Description: This is the first book from the editors of Goop, the lifestyle website started by Gwyneth Paltrow in 2008. Just like the content on the website, the book is part experts sharing knowledge on everything from beauty products to detoxifying diets to hair styles.
Dr. Shahine says: The book is beautiful to look at and easy to read. The focus is on improving wellness from the food we eat to the beauty products we use. Gwyneth Paltrow gets a lot of press when she recommends fringe wellness options (remember vaginal steaming!) but this book has more realistic suggestions. It includes simple tips on ways to detox your life from the refrigerator to your medicine cabinet.
Description: A personal account of struggling with the decision of whether or not to have more than one child. The author, Lauren Sandler, was an only child to a mother that made a conscious choice to have an only child. “My mother was deeply devoted to raising me. To have a happy kid, she figured she needed to be a happy mother, and to be a happy mother, she needed to be a happy person. To do that she needed to preserve her authentic self, which she could not imagine with a second child.” While writing this book, Lauren is a mother of one child and struggling with the pros and cons of having another child. She reviews medical research, literary references, social pressures and norms with an open mind and compassion. She quotes Granville Stanley Hall, the first president of the American Psychological Association, who said in a lecture in 1907, “Being an only child is a disease in itself.” She reviews more recent medical literature that finds that only children are thriving, successful, and not different from people who had siblings.
Dr. Shahine says: I have recommended this book to many patients who are struggling with either the choice to have one child or the inability to conceive a second child. The book is not glorifying the ‘only child’ like many other books on this subject – this is a balanced examination and the author’s personal input make it comfortable and warm to read. At the end of the book (spoiler alert!) the author does not reveal whether she decides to try for a sibling for her own daughter and I’m sure I could look it up but I haven’t…yet.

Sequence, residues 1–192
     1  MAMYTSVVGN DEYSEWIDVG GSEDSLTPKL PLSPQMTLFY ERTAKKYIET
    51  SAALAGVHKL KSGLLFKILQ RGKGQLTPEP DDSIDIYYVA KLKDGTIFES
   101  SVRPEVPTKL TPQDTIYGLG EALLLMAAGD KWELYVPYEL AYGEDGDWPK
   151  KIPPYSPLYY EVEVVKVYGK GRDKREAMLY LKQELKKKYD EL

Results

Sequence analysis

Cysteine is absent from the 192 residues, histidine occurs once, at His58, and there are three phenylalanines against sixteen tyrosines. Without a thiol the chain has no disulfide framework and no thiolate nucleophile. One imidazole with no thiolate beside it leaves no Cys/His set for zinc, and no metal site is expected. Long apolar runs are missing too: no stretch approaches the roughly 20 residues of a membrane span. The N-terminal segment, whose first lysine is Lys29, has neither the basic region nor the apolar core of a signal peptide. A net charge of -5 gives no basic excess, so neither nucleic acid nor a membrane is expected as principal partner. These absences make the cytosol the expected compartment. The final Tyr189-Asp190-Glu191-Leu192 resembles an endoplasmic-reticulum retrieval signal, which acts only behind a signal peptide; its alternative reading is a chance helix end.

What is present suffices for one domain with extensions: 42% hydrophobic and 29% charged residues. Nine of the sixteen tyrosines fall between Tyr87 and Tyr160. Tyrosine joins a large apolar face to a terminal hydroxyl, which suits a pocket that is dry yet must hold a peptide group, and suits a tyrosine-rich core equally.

Crucial Conversations: Tools for Talking When Stakes Are High by Kerry Patterson, Joseph Grenny, Ron McMillan, Al Switzler, 2012
Description: This is a guide to navigating crucial conversations in work, love, and all aspects of life in order to be more productive, maintain respectful relationships, and in many ways, get what you want. The authors have sold over 3 million copies and topped almost every best seller’s list since they first published in 2002, so pay attention. First they teach you how to identify a crucial conversation: it’s not the topic but the emotion involved and the stakes at risk that make a conversation crucial. One you know you’re in a crucial conversation you learn how to navigate through the muddy waters to come out on the other side better than when you started. Tools include staying in dialogue (not forcing your opinions on someone), keeping the conversation safe (avoid violence/lashing out or silence/clamming up), recognize what you want to gain from the interaction and get yourself there by finding mutual respect and mutual purpose.
Dr. Shahine says: Where has this book been all my life and I’m thankful I found it now. It dials into mindfulness – staying aware of what is at stake, your emotions, your goals throughout any intense conversation. I got slightly confused with the authors’ use of key phrases like ‘fool’s choice’ and ‘start with the heart’ but they would bring me around with interesting examples and scenarios. Highly recommend for anyone who talks to any other human being.
Description: First published in 1936 and over 15 million copies sold. Described as a ground-breaking guidebook for simple and life-changing concepts that carry people up the ladder of success in their business and personal lives.
Dr. Shahine says: My Dad talked about this book growing up and I am so glad I finally read it. Even though it was published over 75 years ago, the advice stays relevant. I don’t think of it as a ‘success guide’ but more of common sense advice on how to get along well with others and be a good leader or manager. Solid advice like ‘don’t criticize, appreciate others, smile, get people to talk about themselves, show respect.’ I enjoyed the real world examples of leaders that have modeled the advice Carnegie gives. I’ll keep this book around and flip through every once and a while for reminders.